British Prime Minister Boris Johnson and European Commission President Ursula von der Leyen agreed to meet in person in the coming days in an effort to find a way around the impasse in trade talks.

During a phone call on Monday evening, Johnson and von der Leyen concurred that the conditions are not yet there for a deal and asked their chief negotiators to prepare a summary of the remaining differences.

They commented in a joint statement.

  • U.K. rules out extending talks into next year
  • EU officials say Wednesday is cut-off point for a deal
  • Ireland says frustration is growing

Johnson and Von der Leyen to Meet (8 p.m. Brussels time)

Johnson and von der Leyen plan to meet face-to-face in Brussels and have asked their negotiating teams to prepare an overview briefing on the state of play, according to a joint statement.

The two sides are still far apart with “significant differences” on three key issues of fisheries, fair competition rules, and the governance of any deal, the statement said.

Ireland Says Frustration Is Growing With the U.K. (7:45 p.m.)

Irish Foreign Minister Simon Coveney said there’s a great deal of frustration growing within the EU as efforts to broker a deal continue. Speaking to broadcaster RTE, he said some countries are becoming “resigned” to the idea of no deal and the mood in the bloc is starting to shift toward contingency planning for the U.K. crashing out of the single market and customs union without an accord.

New problems have emerged on fishing rights, he said. Still, he welcomed the British move to potentially drop elements of the Internal Markets Bill, describing it as an attempt by the U.K. to inject some trust into the negotiations.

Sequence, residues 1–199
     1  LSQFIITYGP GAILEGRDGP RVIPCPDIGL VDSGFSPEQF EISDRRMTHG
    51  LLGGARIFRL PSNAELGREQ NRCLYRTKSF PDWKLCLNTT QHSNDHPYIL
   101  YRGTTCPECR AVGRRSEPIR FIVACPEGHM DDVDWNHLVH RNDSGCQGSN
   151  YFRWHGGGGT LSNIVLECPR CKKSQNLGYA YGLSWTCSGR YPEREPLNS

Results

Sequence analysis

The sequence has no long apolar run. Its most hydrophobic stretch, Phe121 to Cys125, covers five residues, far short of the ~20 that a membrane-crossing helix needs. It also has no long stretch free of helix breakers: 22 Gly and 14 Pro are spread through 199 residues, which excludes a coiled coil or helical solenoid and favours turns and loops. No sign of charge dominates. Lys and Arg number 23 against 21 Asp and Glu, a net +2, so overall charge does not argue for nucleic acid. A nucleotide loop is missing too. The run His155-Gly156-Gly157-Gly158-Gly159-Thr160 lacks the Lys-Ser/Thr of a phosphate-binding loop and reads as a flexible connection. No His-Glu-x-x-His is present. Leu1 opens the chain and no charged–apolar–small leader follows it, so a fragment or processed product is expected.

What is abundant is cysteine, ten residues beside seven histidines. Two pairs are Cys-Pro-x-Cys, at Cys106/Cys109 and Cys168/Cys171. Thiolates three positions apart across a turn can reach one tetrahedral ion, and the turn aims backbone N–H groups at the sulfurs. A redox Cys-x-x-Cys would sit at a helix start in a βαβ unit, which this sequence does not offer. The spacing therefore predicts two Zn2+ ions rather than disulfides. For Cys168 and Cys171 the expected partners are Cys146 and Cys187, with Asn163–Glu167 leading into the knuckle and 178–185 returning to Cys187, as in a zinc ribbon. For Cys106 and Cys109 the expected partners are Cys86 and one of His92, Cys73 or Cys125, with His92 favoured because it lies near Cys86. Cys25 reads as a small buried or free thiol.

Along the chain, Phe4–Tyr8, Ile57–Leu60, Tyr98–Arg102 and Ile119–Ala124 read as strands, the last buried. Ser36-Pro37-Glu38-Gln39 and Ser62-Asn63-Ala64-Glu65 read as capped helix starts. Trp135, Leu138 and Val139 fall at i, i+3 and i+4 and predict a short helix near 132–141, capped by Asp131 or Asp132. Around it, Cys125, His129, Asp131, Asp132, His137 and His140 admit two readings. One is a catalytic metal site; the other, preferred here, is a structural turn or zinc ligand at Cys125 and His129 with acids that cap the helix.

Fight Goes On Over Fish (6 p.m)

Just when the EU thought a solution to the issue of access to British fishing waters was coming into view, the U.K. made a new demand late on Sunday, two EU diplomats said.

The U.K. proposed that under any deal it struck, it would allow only boats whose ownership is majority British to be classed as such, according to the two diplomats briefed on the talks. This could significantly restrict how many EU boats would be able to access U.K. waters irrespective of what’s agreed on quotas.

U.K. Minister: Deal Is Still Possible (5:20 p.m.)

U.K. Cabinet Office Minister Penny Mordaunt said a deal is still possible, but the disagreement over the level playing field is proving the most difficult to resolve.

“These negotiations are continuing because a deal is still possible, and we will continue to negotiate until that ceases to be the case,” she told the House of Commons on Monday.

Mordaunt said that while a resolution to the talks tonight would be “jolly nice,” she wasn’t hinting at one.

U.K. Signals Climb-Down on Law-Breaking Bill (4:40 p.m.)

The U.K. signaled it is prepared to back down from its threat to break international law by unilaterally rewriting parts of the Brexit Withdrawal Agreement.

In a statement on Monday, the government said it may delete the most controversial clauses of the Internal Market Bill if they are no longer needed as a safety net.

The Internal Market Bill would give U.K. ministers powers to determine what goods entering Northern Ireland are at risk of being moved in to the EU and therefore could be subject to tariffs. The EU has threatened legal action over the legislation, which it says breaks the terms of the original Brexit divorce deal. The U.K. insists the law will protect its own internal market.

“Discussions continue to progress and final decisions are expected in the coming days,” the government said in a statement. Cabinet Office Minister Michael Gove is holding talks with the EU in Brussels to review the implementation of the Withdrawal Agreement.

Irish Premier Says Collapse of Talks Would Hurt Both Sides (2:20 p.m. Brussels time)

Prime Minister Micheal Martin said a Brexit deal can still be arrived at, though negotiations remain very challenging. In comments broadcast by RTE on Monday, Martin, who on Sunday put the chances of a deal at 50-50, said failure to agree a trade deal between the U.K. and the EU would damage both sides

U.K. Rules Out Extending Negotiations Into 2021 (2:10 p.m.)